Reports indicate that authorities in South Korea raided the Seoul office of Apple earlier in the week just prior to the launch of iPhone X. Though neither the South Korean Authorities nor Apple disclosed reasons for the raid, it is understood that it was necessitated by the business practices of the iPhone maker in the country.
There was even speculation that with the iPhone X launching in South Korea on Friday, the raid was carried out to hamper iPhone X’s success. This is in light of the fact that the biggest competitor to Apple, Samsung, is a South Korean company. Currently Samsung’s Note 8 and Galaxy S8 are competing with the iPhone 8 and the iPhone X with Apple outperforming the former globally. And even in South Korea Apple’s market share is rising.
Free Trade Commission
Last year an investigation was started by the Free Trade Commission of South Korea to probe the business dealings of Apple. The main area that the FTC was looking into was Apple’s contract terms with South Korean carriers. Some of the terms included the wireless carriers being required to order a specific quantity of iPhones. The wireless carriers were also required to share the burden of repair costs.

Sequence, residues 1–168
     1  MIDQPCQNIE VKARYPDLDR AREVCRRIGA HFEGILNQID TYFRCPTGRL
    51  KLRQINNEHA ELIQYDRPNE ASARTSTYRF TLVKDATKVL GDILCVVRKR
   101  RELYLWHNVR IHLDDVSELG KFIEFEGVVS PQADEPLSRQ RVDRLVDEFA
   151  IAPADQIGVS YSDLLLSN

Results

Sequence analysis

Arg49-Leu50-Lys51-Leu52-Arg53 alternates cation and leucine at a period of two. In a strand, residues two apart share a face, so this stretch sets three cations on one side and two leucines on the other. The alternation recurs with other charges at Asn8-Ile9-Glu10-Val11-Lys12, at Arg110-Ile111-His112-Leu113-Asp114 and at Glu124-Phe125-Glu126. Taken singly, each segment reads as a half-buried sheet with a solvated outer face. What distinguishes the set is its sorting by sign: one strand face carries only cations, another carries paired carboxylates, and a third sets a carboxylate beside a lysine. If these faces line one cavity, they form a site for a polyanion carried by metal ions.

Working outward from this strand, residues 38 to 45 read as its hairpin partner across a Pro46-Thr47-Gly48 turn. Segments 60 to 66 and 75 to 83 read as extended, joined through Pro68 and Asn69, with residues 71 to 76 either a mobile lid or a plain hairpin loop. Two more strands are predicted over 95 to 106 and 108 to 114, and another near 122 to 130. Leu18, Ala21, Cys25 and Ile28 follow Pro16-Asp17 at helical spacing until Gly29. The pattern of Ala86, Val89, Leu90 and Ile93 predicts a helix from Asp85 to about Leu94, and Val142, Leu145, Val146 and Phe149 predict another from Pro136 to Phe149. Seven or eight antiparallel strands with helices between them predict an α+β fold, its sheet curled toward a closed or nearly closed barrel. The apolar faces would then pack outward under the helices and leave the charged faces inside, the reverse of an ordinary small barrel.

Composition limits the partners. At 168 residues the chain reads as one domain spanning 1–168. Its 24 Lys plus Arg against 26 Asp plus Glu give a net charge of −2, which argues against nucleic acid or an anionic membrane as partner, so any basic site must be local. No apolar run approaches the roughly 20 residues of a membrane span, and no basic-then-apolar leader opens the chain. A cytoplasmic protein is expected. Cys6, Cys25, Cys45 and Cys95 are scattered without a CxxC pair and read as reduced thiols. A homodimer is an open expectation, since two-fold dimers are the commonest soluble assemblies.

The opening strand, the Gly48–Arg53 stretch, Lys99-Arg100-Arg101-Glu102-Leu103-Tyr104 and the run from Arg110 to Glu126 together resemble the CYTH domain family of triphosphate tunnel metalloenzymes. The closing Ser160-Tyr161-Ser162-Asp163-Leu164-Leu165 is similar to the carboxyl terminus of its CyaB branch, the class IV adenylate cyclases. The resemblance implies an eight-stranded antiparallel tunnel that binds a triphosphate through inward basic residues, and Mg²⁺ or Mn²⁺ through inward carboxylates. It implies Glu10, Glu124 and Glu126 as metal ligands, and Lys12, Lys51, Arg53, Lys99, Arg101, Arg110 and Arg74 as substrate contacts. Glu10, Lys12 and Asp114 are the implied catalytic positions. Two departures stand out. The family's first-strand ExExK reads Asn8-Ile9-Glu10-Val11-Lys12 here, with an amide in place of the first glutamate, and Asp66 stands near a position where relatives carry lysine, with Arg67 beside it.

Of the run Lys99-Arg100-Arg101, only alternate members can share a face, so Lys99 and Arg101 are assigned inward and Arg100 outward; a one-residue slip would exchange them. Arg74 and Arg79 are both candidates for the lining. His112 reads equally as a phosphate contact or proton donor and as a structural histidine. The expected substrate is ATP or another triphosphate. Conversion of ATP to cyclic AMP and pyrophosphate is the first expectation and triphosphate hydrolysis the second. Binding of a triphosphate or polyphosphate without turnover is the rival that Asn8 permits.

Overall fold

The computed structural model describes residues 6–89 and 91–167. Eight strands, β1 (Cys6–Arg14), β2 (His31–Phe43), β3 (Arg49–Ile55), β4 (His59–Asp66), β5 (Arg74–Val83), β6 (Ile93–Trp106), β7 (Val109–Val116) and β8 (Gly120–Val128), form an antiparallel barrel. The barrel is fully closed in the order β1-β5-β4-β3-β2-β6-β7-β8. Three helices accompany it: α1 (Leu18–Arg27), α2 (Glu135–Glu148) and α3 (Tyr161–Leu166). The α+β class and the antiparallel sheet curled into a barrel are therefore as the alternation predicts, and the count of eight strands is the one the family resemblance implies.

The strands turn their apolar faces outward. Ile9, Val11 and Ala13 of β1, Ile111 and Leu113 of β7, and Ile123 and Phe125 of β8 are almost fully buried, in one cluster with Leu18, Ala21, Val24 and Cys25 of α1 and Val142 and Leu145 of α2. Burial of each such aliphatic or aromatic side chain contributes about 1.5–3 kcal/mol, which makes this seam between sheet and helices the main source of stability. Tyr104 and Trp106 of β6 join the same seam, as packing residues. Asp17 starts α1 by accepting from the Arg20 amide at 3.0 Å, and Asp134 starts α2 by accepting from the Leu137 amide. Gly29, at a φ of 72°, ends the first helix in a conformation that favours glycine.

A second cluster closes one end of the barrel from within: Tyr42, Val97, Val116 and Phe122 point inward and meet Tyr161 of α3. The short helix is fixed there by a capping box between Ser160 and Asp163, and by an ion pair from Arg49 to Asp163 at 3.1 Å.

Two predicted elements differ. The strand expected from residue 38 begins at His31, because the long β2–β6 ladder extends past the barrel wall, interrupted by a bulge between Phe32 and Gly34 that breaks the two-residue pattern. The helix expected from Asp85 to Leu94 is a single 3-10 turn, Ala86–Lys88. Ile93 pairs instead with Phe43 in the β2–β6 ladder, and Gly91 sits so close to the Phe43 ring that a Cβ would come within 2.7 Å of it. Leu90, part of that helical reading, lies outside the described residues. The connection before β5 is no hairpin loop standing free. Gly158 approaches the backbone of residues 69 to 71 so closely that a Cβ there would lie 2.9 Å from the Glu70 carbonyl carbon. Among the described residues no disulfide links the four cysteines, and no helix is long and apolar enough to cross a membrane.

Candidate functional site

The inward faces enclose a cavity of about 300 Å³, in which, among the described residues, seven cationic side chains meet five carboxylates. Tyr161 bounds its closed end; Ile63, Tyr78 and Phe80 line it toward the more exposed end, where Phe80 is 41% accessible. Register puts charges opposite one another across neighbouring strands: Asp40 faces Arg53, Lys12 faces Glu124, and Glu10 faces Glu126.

The raid’s timing suggests the deep connection that South Korean firms have in the government. Samsung as a conglomerate is deeply entrenched in the economy of South Korea and is estimated to be responsible for 20% of the Asian country’s economy.
During the pre-order period in South Korea, the iPhone X sold out with orders exceeding 300,000. This is believed to have greatly hurt the sales of Samsung’s devices. Pre-orders for the Galaxy Note 8 were 395,000 in the initial 24 hours following the launch of the device. The South Korean government has previously been accused of being protectionist by Endpoint Technologies’ associate president, Roger Kay.
“The KFTC [Korea Fair Trade Commission] has pretty much run amok in recent years, slapping spurious charges on foreign companies as it attempts to execute a protectionist agenda that it thinks benefits entrenched South Korean manufacturing interests,” wrote Kay in an article published in 2015 on Forbes magazine.